Wildlife have a variety of diseases that includes rabies and bovine tuberculosis
(TB) (Keeling and Rohani 2008; Hone 2007; Krebs 2009; Delahay, Smith and
Hutchings 2009). Some diseases such as bovine TB, caused by Mycobacterium
bovis, are a focus for wildlife control because of effects of the disease on livestock
production (Anderson and Trewhella 1985; Barlow 1991, 2000; Donnelly et al.
2003, 2006, 2007; Jenkins et al. 2007, 2008, 2010). Simulation studies, such as
those by Roberts (1999) and Smith et al. (2001), have suggested vaccination of
wildlife may be useful for control of TB. Vaccination of foxes (Vulpes vulpes) has
reduced rabies incidence in parts of Europe (Blancou et al. 2009).
Cattle and badgers (Meles meles) are both known hosts of, and subject to
control to limit the spread of, bovine TB in cattle herds in the U.K. and Ireland.
Cattle herds in the UK are regularly tested for TB in accordance with EU
legislation. The testing interval is parish based and ranges from 1 year to 4 years,
with lowest incidence parishes receiving 4-yearly routine herd tests and highest
parishes receiving annual whole-herd tests. Additional herd tests, for example in
response to TB being detected in a herd linked through geographic proximity or
through trade, are also undertaken, as well as slaughterhouse checks of all cattle
slaughtered for consumption. A herd is said to experience a TB ‘‘breakdown’’ if
one or more members of a cattle herd fail the conventional TB skin test or show
evidence of TB lesions at slaughterhouse inspection that are positive to M. bovis
on culture.
This paper evaluates evidence for bovine TB association between cattle
herds and badgers in an observational study in ten 100km
2
areas of England.
Alternative hypotheses, as epidemiological models, of the association are
assessed. We also estimate the proportion of herds detected with TB in the
absence of transmission from badgers, such as could occur with completely
effective vaccination.
Modelling
A model of bovine TB in cattle herds in a part of New Zealand (Barlow et al.
1998; their equation 6) assumed that the rate of change of the number of herds
with TB (and hence on movement control) was related to the rate of change from
uninfected to infected herd status as modified by the duration of the time being
infectious. It was assumed in a second (separate, but linked) area that wildlife, for
example brushtail possums (Trichosurus vulpecula), could transmit TB to cattle
herds, at a rate k. Reinfection of wildlife from cattle was considered to be rare in
regularly tested herds, so the model did not include such infection.
1
Donnelly and Hone: Bovine Tuberculosis in Cattle Herds and Badgers
Published by The Berkeley Electronic Press, 2010
We consider the analogous model for a single area with density-dependent
transmission between cattle herds subjected to wildlife transmission risk such that


 

eqn 1


  
  eqn 2



eqn 3
where cattle herds move between states U (uninfected), I (infected, and
equivalently infectious, but undiagnosed) and M (under movement controls and
thus not infectious to other herds). U, I and M are the numbers of herds, rather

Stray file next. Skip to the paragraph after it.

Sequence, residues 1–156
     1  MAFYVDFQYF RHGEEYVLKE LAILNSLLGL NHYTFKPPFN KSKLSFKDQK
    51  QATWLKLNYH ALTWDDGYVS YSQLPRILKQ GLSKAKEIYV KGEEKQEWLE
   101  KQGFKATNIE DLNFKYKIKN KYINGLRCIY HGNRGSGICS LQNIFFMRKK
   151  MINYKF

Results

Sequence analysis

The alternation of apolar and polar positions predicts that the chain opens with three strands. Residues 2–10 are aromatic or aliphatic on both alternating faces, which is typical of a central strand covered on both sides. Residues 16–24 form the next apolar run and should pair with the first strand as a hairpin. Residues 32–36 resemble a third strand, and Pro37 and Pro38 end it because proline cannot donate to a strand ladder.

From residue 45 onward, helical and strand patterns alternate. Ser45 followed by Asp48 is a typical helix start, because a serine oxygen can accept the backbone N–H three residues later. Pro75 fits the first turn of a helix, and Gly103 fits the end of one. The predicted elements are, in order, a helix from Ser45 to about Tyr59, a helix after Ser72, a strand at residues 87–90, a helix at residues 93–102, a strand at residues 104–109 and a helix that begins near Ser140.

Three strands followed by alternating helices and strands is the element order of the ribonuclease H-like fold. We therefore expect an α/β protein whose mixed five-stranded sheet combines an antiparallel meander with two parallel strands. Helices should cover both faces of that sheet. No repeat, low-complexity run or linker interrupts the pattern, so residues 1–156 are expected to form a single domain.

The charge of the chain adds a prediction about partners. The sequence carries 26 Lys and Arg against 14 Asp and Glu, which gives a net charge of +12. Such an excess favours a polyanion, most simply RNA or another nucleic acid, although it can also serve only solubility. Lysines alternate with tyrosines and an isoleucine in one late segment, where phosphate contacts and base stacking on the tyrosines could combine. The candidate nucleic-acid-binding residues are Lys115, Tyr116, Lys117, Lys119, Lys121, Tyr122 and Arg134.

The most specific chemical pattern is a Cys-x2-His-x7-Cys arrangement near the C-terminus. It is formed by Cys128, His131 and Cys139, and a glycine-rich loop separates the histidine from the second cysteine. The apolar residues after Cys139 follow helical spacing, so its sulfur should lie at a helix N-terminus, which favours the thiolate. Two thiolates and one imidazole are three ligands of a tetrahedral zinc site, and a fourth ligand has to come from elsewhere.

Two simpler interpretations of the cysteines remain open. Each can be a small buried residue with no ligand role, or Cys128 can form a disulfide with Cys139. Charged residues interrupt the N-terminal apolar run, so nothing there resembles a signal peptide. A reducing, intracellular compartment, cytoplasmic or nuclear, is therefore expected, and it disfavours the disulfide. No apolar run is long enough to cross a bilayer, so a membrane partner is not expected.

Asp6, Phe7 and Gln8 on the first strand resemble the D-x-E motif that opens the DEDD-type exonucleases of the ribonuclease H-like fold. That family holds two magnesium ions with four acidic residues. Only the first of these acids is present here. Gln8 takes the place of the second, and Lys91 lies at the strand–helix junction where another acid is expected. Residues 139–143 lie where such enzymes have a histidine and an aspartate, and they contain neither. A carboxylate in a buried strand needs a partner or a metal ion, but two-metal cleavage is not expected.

than cattle, in each of these states and N is the total number of herds (N=U+I+M).
The transmission coefficient β represents the between-herd risk per annum while
k is the rate of infection from wildlife (and is equivalent to the force of infection)
per annum. The per-annum rate at which infected herds go on to movement
controls is represented by c and p is the average time on movement control in
years. We, like Barlow et al. (1998), assume no reinfection of wildlife (in our
case, badgers) from cattle herds. Such an assumption is one possibility and the
inferences made here are conditional on any such reinfections being negligible.
At equilibrium

eqn 4
where the superscript * denotes that I* and M* are at their equilibrium values.
Similarly,

eqn 5
 
eqn 6
and N = U* + I* + M*.
Using substitution, it can be shown that the equilibrium value I* can be
obtained from the solution of this quadratic equation:

 
 
      
  eqn 7
2
Statistical Communications in Infectious Diseases, Vol. 2 [2010], Iss. 1, Art. 3
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DOI: 10.2202/1948-4690.1000
In the special case of no risk from wildlife (k=0) and β > 0, the equilibrium
solution is given by:
,

, and


. eqn 8
whereas if there is no herd-to-herd transmission (β=0) and k > 0, the equilibrium
solution is given by:

,

, and


eqn 9
We also consider the analogous model with frequency-dependent
transmission:


 
  eqn 10



    eqn 11



eqn 12
At equilibrium

eqn 13
(as before) where the superscript * denotes that I* and M* are at their equilibrium
values, whereas

eqn 14

  eqn 15
Using substitution, it can be shown that the equilibrium value I* can be obtained
from the solution of this quadratic equation:

 
  
    
  eqn 16
3
Donnelly and Hone: Bovine Tuberculosis in Cattle Herds and Badgers
Published by The Berkeley Electronic Press, 2010
In the special case of no risk from wildlife (k=0) and β > 0, the
equilibrium solution is given by:
,
 

,
and
 


. eqn 17
We consider four alternatives for k, that it equals 0 (i.e. no transmission